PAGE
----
Neospora caninum-induced inflammation causes abortion which is prevented by vaccination with parasite-derived immune modulators
International Conference on Zoology, Microbiology & Medical Parasitology
October 30-November 01, 2017 | Chicago, USA
United States Department of Agriculture /ARS, USA
Scientific Tracks Abstracts : J Parasit Dis Diagn Ther
Statement of the Problem: Neospora caninum is a protozoan parasite causing bovine neosporosis. Although seroprevalence of N. caninum is high in many of its intermediate hosts, the clinical disease associated with livestock production is manifested primarily in cattle. Neosporosis as an emerging disease is considered a major cause of abortion in cattle worldwide, which has been estimated to account for 20% of all cattle abortions. Currently, there is no drug or vaccine available to treat or prevent neosporosis. N. caninum infection does elicit a strong inflammatory immune response in the hosts; however, the resulting immunity does not appear to be protective. Methodology & Theoretical Orientation: It has been believed that the unusual inflammation induced by N. caninum results in pregnancy loss by causing detrimental immunopathology at the fetal-maternal interface. We hypothesize that immunization against the parasitic molecules responsible for stimulating high host inflammation may confer protection. Findings: Our studies identified a group of parasite-derived immunomodulators , including Neospora cyclophilin (NcCyP) and profilin (NcPro), which mediate N. caninum-elicited host immune responses and inflammation. In the mouse and ruminant models, immunization with both NcCyP and NcPro resulted in high levels of antibody production and protected against Neospora challenge infection and neosporosisassociated abortion following challenge infection. Conclusion & Significance: These results indicate that the approach to prevent and control neosporosis in ruminants by a vaccine is feasible and in particular, a bacterial expression system produced recombinant vaccine has the advantages of being highly efficacious and cost-effective. Our studies provided the first evidence that neosporosis or neosporosis-associated abortion is preventable by immune modulator-based vaccines and the application of this vaccine will increase cattle productivity by significantly reducing reproductive losses associated with N. caninum infection.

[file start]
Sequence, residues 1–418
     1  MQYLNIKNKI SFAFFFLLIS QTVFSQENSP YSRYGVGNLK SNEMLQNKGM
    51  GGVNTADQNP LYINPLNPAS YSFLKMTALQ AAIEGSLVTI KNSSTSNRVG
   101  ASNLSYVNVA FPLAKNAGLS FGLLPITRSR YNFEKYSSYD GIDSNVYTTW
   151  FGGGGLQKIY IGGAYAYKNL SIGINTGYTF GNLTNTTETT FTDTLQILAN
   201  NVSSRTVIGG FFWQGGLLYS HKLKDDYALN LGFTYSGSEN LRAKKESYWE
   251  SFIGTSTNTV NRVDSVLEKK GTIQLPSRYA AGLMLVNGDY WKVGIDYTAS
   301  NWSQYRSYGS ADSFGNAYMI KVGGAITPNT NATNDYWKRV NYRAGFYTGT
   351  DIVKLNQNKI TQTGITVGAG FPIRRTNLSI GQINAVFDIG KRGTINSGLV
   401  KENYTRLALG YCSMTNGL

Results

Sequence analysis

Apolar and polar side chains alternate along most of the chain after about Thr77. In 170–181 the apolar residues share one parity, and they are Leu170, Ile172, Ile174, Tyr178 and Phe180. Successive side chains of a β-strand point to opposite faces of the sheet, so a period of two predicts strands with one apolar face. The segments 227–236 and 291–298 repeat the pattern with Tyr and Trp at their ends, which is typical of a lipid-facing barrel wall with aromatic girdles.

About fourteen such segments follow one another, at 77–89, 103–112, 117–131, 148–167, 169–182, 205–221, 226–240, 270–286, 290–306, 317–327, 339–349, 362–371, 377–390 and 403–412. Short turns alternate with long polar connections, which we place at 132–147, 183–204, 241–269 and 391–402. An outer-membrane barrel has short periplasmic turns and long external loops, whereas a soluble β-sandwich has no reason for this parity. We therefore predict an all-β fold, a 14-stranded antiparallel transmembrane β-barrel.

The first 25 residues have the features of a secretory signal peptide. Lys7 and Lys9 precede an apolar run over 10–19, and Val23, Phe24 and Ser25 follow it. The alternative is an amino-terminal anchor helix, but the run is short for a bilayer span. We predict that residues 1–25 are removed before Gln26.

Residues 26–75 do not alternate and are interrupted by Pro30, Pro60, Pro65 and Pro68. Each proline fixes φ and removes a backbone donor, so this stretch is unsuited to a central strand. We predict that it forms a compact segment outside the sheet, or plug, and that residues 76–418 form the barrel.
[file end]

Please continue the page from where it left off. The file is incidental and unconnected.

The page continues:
Wenbin Tuo has expertise in protozoan and nematode parasite infectious diseases in livestock species. He has devoted his professional career to understanding hostparasite interactions and development of immunologic control measures for parasitic infections in large ruminants. Vaccine candidates identified by antigen-specific CD4 T cells and parasitic immune modulators that are able to cross-downregulate host protective immunity have been tested in numerous vaccine trials and some of the vaccines have been demonstrated to have significant protective efficacies. His ongoing research involves continued investigation of interplays between the parasites and hosts and identification and testing of protective candidate vaccines in ruminants